A Hope Deferred

It’s a day off and I just finished working out and yet I find myself  in a less than spectacular mood. The endorphins should be rushing through my brain and putting me in a more energetic and happy mood. There ought to be a smile on my face but, to be honest, I’m bummed out.

It’s not for any great reason, either. But there’s just something eating away at the core of me. Last week sometime I had this grand and marvelous revelation that I was unhappy (in fact, I am mostly miserable) at my current job. I’ve probably complained about where I work before so I’m not going into any great detail or gripe at any great length about the issues I have with my current employer.  Let us just say that I am not happy there and most of the issues that cause me the most dissatisfaction are ones that center around me and my heart in the matter.  Mostly the fact that my heart isn’t in it. It’s no longer an environment I can thrive in after 5 years with this employer and 2 with another. The phones just aren’t for me anymore, I’ve discovered. In the midst of this I found a verse that sort of woke me up:

“Hope deferred makes the heart sick, but a desire fulfilled is a tree of life.” (Proverbs 13:12 ESV)

Ah-ha! I said to myself. Perhaps I need to steer myself back into the direction I was headed when I made the decision to go to NCC and follow what YHWH had intended for my life. I thought, perhaps, there would be jobs out there that my soul was more suited for and the search began. I looked into social services/non-profits but not a lot of luck there. Turns out most of those places require college degrees. I’m working on it! I sought some wise counsel since I had absolutely no idea what I was doing or looking for. My mom gave me some insight into some job needs for the Nebraska foster care system especially in transportation. It sounded like a gig perfect for me.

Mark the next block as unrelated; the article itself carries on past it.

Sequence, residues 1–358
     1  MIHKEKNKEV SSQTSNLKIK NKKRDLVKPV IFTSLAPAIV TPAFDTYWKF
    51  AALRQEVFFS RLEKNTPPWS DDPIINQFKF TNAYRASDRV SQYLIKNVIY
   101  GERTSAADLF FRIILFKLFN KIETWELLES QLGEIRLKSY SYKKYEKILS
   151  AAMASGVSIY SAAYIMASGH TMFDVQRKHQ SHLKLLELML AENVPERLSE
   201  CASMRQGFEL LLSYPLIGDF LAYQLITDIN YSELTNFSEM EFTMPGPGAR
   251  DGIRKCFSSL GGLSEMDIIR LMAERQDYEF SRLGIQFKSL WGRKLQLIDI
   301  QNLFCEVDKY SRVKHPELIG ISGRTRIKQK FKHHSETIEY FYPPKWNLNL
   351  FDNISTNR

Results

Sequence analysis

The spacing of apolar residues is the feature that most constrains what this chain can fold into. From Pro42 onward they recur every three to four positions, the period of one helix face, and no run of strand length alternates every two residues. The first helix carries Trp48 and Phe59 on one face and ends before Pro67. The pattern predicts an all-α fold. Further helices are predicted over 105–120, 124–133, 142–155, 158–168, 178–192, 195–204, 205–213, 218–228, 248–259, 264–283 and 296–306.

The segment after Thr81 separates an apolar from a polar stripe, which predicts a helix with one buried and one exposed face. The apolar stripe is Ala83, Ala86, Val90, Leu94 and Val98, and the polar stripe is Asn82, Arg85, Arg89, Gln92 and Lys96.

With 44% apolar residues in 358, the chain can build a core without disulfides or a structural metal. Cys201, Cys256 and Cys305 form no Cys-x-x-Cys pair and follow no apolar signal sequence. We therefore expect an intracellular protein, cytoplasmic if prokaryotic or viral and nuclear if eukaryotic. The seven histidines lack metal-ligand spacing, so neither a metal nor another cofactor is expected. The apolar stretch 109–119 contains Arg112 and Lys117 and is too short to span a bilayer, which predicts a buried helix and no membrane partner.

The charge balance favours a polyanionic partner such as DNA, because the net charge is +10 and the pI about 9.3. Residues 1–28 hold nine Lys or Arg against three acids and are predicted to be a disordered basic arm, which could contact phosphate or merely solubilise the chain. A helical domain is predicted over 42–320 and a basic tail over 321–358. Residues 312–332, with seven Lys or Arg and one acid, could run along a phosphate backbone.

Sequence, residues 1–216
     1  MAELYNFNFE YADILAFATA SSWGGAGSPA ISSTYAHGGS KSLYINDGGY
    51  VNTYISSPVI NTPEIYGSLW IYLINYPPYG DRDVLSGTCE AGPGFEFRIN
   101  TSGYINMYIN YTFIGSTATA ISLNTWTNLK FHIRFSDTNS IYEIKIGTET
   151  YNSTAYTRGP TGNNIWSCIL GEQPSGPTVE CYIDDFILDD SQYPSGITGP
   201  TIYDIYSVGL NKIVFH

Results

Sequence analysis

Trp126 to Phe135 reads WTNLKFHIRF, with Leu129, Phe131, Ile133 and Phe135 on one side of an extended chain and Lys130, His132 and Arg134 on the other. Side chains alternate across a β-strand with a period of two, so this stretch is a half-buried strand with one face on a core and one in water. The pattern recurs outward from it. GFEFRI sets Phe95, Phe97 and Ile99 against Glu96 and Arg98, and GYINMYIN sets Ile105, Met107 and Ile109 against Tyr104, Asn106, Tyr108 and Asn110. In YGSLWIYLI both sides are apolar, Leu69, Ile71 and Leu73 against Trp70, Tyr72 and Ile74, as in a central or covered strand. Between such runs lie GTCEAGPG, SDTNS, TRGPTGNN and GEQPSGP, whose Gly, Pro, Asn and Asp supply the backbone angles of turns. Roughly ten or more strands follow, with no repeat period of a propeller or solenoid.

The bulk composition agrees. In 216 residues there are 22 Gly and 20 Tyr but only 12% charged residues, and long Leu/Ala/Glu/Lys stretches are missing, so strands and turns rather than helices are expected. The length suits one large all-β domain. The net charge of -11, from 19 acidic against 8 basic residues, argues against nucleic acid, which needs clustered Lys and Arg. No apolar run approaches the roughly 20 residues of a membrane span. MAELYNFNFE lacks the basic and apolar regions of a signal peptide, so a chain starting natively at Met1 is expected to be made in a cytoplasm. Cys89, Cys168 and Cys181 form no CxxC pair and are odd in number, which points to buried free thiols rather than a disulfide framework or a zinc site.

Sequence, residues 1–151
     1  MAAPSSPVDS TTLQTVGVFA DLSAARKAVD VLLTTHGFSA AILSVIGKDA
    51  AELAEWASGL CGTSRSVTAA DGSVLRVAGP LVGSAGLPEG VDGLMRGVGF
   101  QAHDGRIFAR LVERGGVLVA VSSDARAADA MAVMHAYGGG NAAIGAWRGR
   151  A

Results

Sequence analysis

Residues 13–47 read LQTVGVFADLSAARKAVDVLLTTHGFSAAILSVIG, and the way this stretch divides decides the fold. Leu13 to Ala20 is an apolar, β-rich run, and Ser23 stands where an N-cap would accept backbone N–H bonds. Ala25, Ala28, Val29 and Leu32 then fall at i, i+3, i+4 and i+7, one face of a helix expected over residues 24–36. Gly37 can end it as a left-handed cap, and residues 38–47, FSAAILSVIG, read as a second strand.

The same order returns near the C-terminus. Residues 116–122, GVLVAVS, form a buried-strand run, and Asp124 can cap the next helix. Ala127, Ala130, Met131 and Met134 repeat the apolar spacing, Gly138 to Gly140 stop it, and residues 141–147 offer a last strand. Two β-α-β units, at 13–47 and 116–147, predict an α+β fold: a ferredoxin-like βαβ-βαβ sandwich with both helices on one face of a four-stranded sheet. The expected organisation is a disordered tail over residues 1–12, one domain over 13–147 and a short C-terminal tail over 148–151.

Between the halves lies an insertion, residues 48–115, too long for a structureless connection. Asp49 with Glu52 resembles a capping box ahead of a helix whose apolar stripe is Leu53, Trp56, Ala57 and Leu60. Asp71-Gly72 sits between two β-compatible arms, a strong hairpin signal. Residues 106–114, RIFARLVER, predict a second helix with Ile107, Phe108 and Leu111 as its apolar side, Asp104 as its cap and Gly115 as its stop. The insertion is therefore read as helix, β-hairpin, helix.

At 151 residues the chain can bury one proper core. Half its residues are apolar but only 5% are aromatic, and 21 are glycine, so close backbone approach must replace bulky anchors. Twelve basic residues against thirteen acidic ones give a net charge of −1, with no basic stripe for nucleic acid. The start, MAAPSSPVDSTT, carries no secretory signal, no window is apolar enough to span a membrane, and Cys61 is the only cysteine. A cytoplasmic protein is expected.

I actually found a job posting looking for just that a day or so later. I thought about it and, of course, there’s no harm in applying so I put my résumé together and applied. That was yesterday. I tried not to get my hopes up as I waited. I thought it would be a few days at least but, lo and behold, in my e-mail inbox was a response from the collaborative I applied at and, go figure, I was not what they were looking for.


I really shouldn’t be busted up about this at all. But I had hoped that this job would be a way out. I prayed about it and whether or not I should apply or if this was just some fit of fancy or impulsiveness that I wasn’t able to curb. I remember hearing in my head this Sunday as Ben preached about the cost of discipleship and the carrying of one’s cross that part of dying to myself would include killing off the anxiety and the fear that kept me in place and questioning whether or not this was where I needed to go. But then I got rejected. They didn’t want me. Am I going to cry about it? Probably not. But I am just a little bit disappointed that things didn’t work out my way.

I also think about that: “My way”. Why is that so important? Why must I always get what I want instead of deferring to the wisdom of the Most Holy God and holding fast to the idea that he has a path set for me, that he will get me to where I need to be and in ways I’ll probably never see coming? I’m selfish and I know that and it’s got to be one of the things I still fail at. In my heart I still think about myself too much and about God and others far too little. Maybe I haven’t decided to carry my cross like I thought I had. I don’t know.

I have realized this, though: In my obedience in doing all of this I have seen paths illuminated that I couldn’t see from where I was at my current job. My mind and heart have changed from despair to hope. Now, I’m no optimist but isn’t that a decent first step?


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